The Internet puts a large amount of health and wellness information at your fingertips. But if that information is outdated, incorrect or downright dangerous, it could cause more harm than good.
So which websites should you trust? Follow these basic rules for evaluating health information websites and start feeling better about finding health information online:
1. Know who sponsors the site. If the website doesn’t disclose who sponsors the site, ignore it. Most credible sites — like those from government agencies and reputable health organizations or associations — will be clear about who they are right on the home page. If you’re still not sure, check the “about us” section to see where the information is coming from.
2. Check the date. Some health information becomes outdated quite quickly. Check for a posting date, “reviewed on” date, or copyright date to ensure it’s still relevant.
3. Know the website’s audience. The site should clearly indicate—on either the homepage or the About page—whether it is intended for consumers or healthcare professionals.
4. Look for factual information. The website should offer health information that can be confirmed using sources such as professional literature or links to other reliable web pages. You should also steer clear of articles that make claims that seem too good to be true. And any information presented as an opinion should be clearly labeled as a blog post or personal opinion story and should come from a qualified professional or organization.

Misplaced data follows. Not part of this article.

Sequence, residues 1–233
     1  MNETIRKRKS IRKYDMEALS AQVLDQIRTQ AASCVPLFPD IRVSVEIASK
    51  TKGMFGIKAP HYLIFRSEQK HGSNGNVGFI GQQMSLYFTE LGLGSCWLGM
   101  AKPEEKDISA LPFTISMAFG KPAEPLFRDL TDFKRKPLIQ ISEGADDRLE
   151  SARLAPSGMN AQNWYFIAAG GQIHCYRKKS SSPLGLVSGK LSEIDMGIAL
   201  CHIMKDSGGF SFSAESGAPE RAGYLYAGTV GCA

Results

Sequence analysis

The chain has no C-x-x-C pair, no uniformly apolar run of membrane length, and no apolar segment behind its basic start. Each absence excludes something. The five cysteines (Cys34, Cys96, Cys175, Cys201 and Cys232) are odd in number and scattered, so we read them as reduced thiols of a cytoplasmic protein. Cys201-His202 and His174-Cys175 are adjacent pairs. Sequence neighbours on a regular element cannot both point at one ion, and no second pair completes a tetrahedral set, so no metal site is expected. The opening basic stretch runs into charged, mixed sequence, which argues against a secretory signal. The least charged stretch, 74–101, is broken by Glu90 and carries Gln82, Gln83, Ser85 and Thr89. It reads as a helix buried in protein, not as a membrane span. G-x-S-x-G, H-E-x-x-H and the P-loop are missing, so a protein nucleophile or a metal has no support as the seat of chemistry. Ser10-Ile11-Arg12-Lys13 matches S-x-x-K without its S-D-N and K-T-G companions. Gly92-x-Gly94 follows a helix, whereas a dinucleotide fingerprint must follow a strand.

6. Find a way to provide feedback. A trustworthy web site will welcome your feedback and include contact information. The Contact Us or About sections are generally the best places to look.
After reading this information, how likely are you to speak with a healthcare professional or someone you know about finding quality health information online?